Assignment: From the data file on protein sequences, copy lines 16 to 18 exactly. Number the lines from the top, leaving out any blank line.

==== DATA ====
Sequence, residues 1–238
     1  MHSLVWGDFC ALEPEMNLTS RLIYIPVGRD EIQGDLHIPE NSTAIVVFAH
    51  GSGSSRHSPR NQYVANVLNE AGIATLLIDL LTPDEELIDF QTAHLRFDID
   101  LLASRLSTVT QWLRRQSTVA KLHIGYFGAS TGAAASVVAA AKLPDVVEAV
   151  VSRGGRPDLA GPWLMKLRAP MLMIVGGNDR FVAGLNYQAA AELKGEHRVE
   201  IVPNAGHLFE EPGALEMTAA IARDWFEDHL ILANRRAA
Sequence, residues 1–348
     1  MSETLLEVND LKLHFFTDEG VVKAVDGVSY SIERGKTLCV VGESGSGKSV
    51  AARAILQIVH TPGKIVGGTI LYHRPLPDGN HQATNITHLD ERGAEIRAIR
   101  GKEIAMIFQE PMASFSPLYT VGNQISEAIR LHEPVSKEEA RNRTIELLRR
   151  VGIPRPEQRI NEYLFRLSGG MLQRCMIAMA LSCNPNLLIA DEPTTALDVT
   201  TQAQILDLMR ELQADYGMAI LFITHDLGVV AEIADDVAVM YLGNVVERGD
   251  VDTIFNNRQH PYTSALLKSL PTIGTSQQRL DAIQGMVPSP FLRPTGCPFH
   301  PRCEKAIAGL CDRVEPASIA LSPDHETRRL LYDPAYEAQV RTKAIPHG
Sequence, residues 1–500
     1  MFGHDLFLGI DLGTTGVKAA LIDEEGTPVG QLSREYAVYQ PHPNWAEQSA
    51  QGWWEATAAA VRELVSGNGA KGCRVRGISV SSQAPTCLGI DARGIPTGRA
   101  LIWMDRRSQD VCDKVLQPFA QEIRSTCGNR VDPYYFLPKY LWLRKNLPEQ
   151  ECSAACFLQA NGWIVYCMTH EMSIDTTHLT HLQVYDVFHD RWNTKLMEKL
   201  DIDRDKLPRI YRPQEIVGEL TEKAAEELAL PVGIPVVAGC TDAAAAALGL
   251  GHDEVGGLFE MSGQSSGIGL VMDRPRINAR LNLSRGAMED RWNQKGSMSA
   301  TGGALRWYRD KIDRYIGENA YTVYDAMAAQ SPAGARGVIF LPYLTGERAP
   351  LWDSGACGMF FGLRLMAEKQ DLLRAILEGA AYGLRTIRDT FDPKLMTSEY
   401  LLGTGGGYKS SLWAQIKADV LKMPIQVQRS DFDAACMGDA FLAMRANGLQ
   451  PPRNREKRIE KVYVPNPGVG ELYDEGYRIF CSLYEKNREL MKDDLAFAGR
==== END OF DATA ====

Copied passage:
     1  MFGHDLFLGI DLGTTGVKAA LIDEEGTPVG QLSREYAVYQ PHPNWAEQSA
    51  QGWWEATAAA VRELVSGNGA KGCRVRGISV SSQAPTCLGI DARGIPTGRA
   101  LIWMDRRSQD VCDKVLQPFA QEIRSTCGNR VDPYYFLPKY LWLRKNLPEQ